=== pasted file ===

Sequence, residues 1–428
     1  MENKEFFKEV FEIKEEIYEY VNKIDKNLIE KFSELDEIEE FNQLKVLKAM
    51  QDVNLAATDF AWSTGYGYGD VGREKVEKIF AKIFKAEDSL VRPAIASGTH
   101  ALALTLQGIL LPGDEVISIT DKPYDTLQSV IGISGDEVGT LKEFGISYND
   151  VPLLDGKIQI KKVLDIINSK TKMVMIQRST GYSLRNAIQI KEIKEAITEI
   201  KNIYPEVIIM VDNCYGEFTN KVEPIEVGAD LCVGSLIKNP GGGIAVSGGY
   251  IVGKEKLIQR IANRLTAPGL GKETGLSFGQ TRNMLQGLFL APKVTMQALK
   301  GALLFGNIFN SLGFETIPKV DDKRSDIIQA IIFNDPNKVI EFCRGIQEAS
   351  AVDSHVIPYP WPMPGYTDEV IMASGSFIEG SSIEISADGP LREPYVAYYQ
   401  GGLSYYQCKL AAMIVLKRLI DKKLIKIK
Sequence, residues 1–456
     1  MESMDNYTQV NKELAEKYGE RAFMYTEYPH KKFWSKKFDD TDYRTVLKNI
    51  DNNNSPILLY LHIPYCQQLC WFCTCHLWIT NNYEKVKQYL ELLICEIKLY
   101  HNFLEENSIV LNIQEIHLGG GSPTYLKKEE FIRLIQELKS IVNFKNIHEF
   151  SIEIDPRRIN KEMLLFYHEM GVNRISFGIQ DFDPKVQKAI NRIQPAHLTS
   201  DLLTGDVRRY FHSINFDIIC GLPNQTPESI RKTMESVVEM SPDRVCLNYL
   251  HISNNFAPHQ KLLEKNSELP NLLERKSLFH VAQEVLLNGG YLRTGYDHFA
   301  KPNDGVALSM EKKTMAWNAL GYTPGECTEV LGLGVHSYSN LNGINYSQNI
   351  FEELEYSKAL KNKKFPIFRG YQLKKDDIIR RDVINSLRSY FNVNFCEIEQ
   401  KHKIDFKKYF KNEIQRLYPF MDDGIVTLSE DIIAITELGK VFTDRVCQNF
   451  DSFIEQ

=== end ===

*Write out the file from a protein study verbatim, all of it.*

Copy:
Sequence, residues 1–428
     1  MENKEFFKEV FEIKEEIYEY VNKIDKNLIE KFSELDEIEE FNQLKVLKAM
    51  QDVNLAATDF AWSTGYGYGD VGREKVEKIF AKIFKAEDSL VRPAIASGTH
   101  ALALTLQGIL LPGDEVISIT DKPYDTLQSV IGISGDEVGT LKEFGISYND
   151  VPLLDGKIQI KKVLDIINSK TKMVMIQRST GYSLRNAIQI KEIKEAITEI
   201  KNIYPEVIIM VDNCYGEFTN KVEPIEVGAD LCVGSLIKNP GGGIAVSGGY
   251  IVGKEKLIQR IANRLTAPGL GKETGLSFGQ TRNMLQGLFL APKVTMQALK
   301  GALLFGNIFN SLGFETIPKV DDKRSDIIQA IIFNDPNKVI EFCRGIQEAS
   351  AVDSHVIPYP WPMPGYTDEV IMASGSFIEG SSIEISADGP LREPYVAYYQ
   401  GGLSYYQCKL AAMIVLKRLI DKKLIKIK
Sequence, residues 1–456
     1  MESMDNYTQV NKELAEKYGE RAFMYTEYPH KKFWSKKFDD TDYRTVLKNI
    51  DNNNSPILLY LHIPYCQQLC WFCTCHLWIT NNYEKVKQYL ELLICEIKLY
   101  HNFLEENSIV LNIQEIHLGG GSPTYLKKEE FIRLIQELKS IVNFKNIHEF
   151  SIEIDPRRIN KEMLLFYHEM GVNRISFGIQ DFDPKVQKAI NRIQPAHLTS
   201  DLLTGDVRRY FHSINFDIIC GLPNQTPESI RKTMESVVEM SPDRVCLNYL
   251  HISNNFAPHQ KLLEKNSELP NLLERKSLFH VAQEVLLNGG YLRTGYDHFA
   301  KPNDGVALSM EKKTMAWNAL GYTPGECTEV LGLGVHSYSN LNGINYSQNI
   351  FEELEYSKAL KNKKFPIFRG YQLKKDDIIR RDVINSLRSY FNVNFCEIEQ
   401  KHKIDFKKYF KNEIQRLYPF MDDGIVTLSE DIIAITELGK VFTDRVCQNF
   451  DSFIEQ